Librarian Naomi Bishop wins national award for exemplary work

Librarian Naomi Bishop wins national award for exemplary work

Jan. 13, 2021
Naomi Bishop holding award

Congratulations to Librarian Naomi Bishop

Every year library patrons across the United States nominate their favorite librarian for the I Love My Librarian award. The prestigious award is presented to 10 deserving recipients by the American Library Association and is sponsored by the Carnegie Corporation of New York.

Naomi Bishop, MLIS, AHIP, Health Sciences librarian with the University of Arizona College of Medicine – Phoenix, was 1 of 10 winners. Bishop was selected for being “a champion for social justice” and providing invaluable research that propelled new safety guidelines during the COVID-19 pandemic.

Early in the pandemic, Bishop was approached by several physicians and community members with questions that directly impacted Maricopa County’s safety policies. Bishop’s immediate and researched response did not go unnoticed when local policymakers enacted new mandates that corresponded with the information that Bishop provided to them.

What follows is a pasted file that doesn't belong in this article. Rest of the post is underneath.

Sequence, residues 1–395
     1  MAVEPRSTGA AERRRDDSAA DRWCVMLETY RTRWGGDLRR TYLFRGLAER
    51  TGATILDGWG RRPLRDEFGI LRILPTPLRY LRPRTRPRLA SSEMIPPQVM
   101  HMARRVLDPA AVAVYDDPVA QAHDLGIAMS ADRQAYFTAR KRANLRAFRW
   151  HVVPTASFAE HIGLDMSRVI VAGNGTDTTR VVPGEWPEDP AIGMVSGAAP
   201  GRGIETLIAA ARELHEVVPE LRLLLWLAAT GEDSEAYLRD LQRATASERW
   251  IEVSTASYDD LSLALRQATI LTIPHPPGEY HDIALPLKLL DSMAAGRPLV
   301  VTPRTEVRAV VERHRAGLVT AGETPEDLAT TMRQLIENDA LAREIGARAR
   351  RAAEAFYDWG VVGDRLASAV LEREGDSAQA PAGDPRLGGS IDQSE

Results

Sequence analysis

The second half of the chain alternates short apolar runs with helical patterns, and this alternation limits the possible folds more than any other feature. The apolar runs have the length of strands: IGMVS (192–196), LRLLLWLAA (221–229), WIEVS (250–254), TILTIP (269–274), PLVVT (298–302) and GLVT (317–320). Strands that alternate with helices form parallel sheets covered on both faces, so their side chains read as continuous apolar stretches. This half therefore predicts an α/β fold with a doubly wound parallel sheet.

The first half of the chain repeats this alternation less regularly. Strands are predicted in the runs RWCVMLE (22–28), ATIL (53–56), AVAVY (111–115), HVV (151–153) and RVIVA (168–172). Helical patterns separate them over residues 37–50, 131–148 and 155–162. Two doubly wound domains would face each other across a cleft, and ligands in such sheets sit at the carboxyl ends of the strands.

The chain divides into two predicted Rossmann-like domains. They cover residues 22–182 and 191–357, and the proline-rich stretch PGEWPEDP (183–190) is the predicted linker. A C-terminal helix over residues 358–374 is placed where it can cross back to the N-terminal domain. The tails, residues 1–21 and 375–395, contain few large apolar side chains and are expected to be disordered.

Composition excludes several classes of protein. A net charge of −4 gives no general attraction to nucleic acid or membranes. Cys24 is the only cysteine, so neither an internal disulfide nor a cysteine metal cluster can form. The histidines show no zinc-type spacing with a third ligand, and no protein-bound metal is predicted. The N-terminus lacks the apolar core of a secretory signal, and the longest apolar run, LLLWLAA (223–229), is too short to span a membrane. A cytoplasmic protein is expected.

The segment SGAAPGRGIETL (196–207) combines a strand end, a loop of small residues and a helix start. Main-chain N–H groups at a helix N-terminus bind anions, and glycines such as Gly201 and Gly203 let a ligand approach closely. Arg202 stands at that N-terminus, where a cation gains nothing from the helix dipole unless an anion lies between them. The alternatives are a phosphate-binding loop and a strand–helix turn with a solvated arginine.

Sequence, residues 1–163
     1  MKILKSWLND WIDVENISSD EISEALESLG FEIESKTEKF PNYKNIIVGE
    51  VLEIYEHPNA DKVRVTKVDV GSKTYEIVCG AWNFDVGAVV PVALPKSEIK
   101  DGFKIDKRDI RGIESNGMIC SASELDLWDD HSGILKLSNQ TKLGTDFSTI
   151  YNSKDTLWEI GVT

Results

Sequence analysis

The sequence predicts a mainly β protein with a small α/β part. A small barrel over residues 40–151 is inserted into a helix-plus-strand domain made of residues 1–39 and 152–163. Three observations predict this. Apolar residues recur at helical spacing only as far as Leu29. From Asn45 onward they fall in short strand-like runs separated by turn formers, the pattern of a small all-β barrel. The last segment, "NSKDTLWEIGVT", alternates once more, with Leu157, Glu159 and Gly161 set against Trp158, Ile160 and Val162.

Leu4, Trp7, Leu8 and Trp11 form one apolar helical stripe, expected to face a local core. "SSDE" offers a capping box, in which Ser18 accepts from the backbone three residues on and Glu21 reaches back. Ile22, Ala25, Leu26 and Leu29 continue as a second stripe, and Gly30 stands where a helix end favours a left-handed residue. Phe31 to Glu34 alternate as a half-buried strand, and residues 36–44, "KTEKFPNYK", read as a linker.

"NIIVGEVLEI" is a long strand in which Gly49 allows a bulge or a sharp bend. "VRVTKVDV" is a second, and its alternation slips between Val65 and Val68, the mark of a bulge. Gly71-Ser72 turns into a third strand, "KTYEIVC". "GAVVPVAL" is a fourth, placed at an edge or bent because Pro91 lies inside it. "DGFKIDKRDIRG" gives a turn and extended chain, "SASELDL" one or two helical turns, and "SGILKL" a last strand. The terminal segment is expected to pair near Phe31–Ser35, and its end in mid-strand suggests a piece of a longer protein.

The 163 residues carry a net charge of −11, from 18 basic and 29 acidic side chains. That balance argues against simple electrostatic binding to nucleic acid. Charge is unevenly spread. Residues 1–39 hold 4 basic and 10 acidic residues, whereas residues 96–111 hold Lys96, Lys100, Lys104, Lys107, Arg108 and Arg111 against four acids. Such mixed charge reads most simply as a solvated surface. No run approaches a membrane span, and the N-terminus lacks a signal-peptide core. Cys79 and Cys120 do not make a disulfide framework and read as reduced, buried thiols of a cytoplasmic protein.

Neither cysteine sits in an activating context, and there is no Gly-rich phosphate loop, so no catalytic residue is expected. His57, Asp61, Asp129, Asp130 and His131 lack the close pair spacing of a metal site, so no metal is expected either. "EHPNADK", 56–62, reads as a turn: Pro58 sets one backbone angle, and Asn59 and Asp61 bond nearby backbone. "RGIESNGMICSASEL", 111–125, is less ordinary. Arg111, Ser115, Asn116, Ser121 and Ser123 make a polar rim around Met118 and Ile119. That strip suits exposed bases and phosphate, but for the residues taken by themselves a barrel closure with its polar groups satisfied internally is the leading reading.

“This award is a huge honor, and I am grateful that the UArizona College of Medicine – Phoenix faculty and staff have recognized me. I feel appreciated and thankful to work with so many amazing faculty, staff and students. I was surprised to be nominated and selected,” said Bishop. “It was also rewarding to see just how much physicians and students and the public needed information, and how I could be an important resource during this global pandemic.”

Each award recipient receives a cash prize of $5,000 and $750 for their library in recognition of their outstanding community work. This year the library association received 1,865 nominations.

“She is hands down one of the best librarians I have ever worked with in my academic medicine career with regard to collaboration on education, research and grant proposal projects,” said Jennifer Hartmark-Hill, MD, director of the University of Arizona College of Medicine – Phoenix Narrative Medicine Program.

In addition to her invaluable research, Bishop also delivered easy access to e-textbooks and academic workshops, implemented a virtual game night for students and held virtual summer story time sessions for staff and their young children. Bishop’s continued dedication to library work is unmatched and this recognition is well deserved.

“Ms. Bishop takes time to learn about who we are and what we need, and she continuously explores the literature to locate resources that not only expand our knowledge, but build our community,” said Gina Touch-Mercer, PhD, assistant professor in the Departments of Psychiatry and Family, Community and Preventive Medicine.

version of this story originally appeared on the University of Arizona College of Medicine – Phoenix website.